I also discovered just much time you can spend editing: That tantalising quest for the ‘perfect’ version that is surely, surely, just around the corner.

All difficult and time consuming, for sure, but I’m pleased – if still a touch nervous – with the result.

Whilst Chairing the AGM in which it featured, I confess I spent most of time my video was playing (all the sections so very familiar to me) with my head in my hands, nervously glancing at the 2nd laptop, showing the gallery of attendees’ delayed reactions to what was playing on my computer.

Were they staring in horror, or were they enjoying it? Oh good grief, was it buffering?, was it blocky, did that joke actually work, did it skip a bit, or – dare I imagine it – was it actually ok?

It was, it seems, actually ok. Some lovely words and comments received.

I suppose at this point I should let you judge for yourself:

A few technical notes: We used Zoom for the main meeting, streaming it over to Youtube (a full livestream of the AGM is available if you’re really, really curious). I used my iMac (recently with an external SSD to make it usable again) and iMovie to edit (and edit, and edit, and edit) the videos. I’ve a Blue Snowball Ice for sound.

The lack of feedback during the ‘broadcast’ was the hardest part. I’m definitely with shardcore here. No eye contact from the audience (or deliberate avoidance of such!) to indicate how well/terribly something was received. No chuckles, or even awkward silences to give you a steer.

This was just as true for the role of Chair too. 90 minutes in total, trying to move it through the agenda to keep it punchy, reflect comments, and give answers. Trying (entirely unsuccessfully) not to ummm. Oh good grief, do I ummm a lot.

A co-host – in our case fellow Trustee Emer – was invaluable to manage the meeting. With 60 or so attendees, too much going on otherwise (in my own head, and in the meeting). Plus I’d somehow lost the gallery view of attendees on my desktop, so was utterly terrified of destroying the call, if I pressed the wrong button.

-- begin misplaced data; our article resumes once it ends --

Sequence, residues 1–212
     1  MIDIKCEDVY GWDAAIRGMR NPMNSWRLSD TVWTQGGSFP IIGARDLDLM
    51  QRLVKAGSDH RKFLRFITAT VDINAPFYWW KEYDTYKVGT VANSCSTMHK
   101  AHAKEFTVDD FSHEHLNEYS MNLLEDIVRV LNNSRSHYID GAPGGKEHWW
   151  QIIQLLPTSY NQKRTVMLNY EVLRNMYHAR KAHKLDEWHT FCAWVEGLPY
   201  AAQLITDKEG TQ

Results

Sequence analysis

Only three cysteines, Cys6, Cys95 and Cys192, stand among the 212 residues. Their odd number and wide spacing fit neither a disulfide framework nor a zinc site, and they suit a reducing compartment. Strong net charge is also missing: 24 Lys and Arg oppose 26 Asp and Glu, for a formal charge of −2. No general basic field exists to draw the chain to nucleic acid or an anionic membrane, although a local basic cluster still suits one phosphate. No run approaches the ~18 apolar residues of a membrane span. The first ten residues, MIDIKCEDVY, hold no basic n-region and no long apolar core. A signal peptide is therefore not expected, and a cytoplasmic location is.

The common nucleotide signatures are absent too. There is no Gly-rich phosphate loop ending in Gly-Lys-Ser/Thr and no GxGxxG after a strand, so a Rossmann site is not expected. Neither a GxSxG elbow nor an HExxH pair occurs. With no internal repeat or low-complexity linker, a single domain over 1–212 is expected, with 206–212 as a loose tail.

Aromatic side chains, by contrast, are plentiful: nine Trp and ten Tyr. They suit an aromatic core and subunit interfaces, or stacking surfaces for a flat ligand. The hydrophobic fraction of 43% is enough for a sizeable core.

As a digression, I believe strongly in open Governance: I think it’s important to see how decisions are made by organisations. To allow its membership to feel involved, and to lower the barriers to their engagement with it.

Governance really doesn’t have to be boring and monochrome. It can be engaging, enjoyable, informative, colourful and fun too.

I hope some of that comes through. You can find a summary of the AGM outcomes on the club news page.

I hope it all serves to make the club – a charity after all – stronger as a result, and I’m certain we’ll be using more virtual elements in future.

I’ve learnt a lot too. Plenty of technical elements, skills and tools, but unexpectedly about myself. Focusing on what I wanted to communicate, and how, but also on what mattered most to me.

All said, a fun and valuable experience. It’s perhaps helped draw a line under a strange few months, and I helped garner a bit more confidence about being a bit more when giving talking in public.

FWIW here’s the musical montage I put together separately. That track is going to resonate with me for a long while:

2018 Press coverage

A lot happened at the tail end of last year with the 10th anniversary of parkrun in Scotland, and I realised it wasn’t reflected here.

Interviews are both fun and terrifying. Fun, because it’s great to see things you care about getting coverage; terrifying because that filter process your words go through when a journalist reports them always feel a bit… odd.

A couple of prominent articles linked below. It’s fun seeing your name in lights, but I’m delighted there’s strong recognition of the people who were instrumental in getting parkrun off the ground in Scotland, and have helped make it a success over the years.

BBC – Runners mark 10 years of Scottish parkrun

Runners mark 10 years of Scottish parkrun – a nice wee piece, and a great photograph. Great coverage too of Liz Corbett, who took over as Event Director at Pollok, but now does so much as Scotland regional ambassador to develop parkrun here in Scotland.

I was keen to get my running club, Bellahouston Road Runners, a bit of a plug. Ideas, particularly slightly risky ones like starting a weekly 5k, take time to gestate and you need confidence you’re not entirely mad. Club runs with club colleagues where I muttered away about a “Pollok Park Time Trial”, and them not telling me it was a silly idea, were hugely helpful.

In the space I have here, I’d also add a note about Fetcheveryone – in a pre-facebook day, this was perhaps the main running UK social network, and there was lots of interest, and volunteer offers, there too.

Evening Times – Glasgow’s parkrun founder reflects on 10 years of 5K phenomenon